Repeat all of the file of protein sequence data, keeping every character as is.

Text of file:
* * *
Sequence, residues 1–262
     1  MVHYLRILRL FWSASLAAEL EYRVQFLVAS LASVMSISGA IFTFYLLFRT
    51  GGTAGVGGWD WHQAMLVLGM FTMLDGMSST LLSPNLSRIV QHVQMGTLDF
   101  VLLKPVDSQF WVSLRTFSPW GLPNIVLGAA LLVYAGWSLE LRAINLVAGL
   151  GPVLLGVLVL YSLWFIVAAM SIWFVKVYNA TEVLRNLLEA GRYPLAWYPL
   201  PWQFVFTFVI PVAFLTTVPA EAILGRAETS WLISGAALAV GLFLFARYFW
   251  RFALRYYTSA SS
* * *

Sequence, residues 1–262
     1  MVHYLRILRL FWSASLAAEL EYRVQFLVAS LASVMSISGA IFTFYLLFRT
    51  GGTAGVGGWD WHQAMLVLGM FTMLDGMSST LLSPNLSRIV QHVQMGTLDF
   101  VLLKPVDSQF WVSLRTFSPW GLPNIVLGAA LLVYAGWSLE LRAINLVAGL
   151  GPVLLGVLVL YSLWFIVAAM SIWFVKVYNA TEVLRNLLEA GRYPLAWYPL
   201  PWQFVFTFVI PVAFLTTVPA EAILGRAETS WLISGAALAV GLFLFARYFW
   251  RFALRYYTSA SS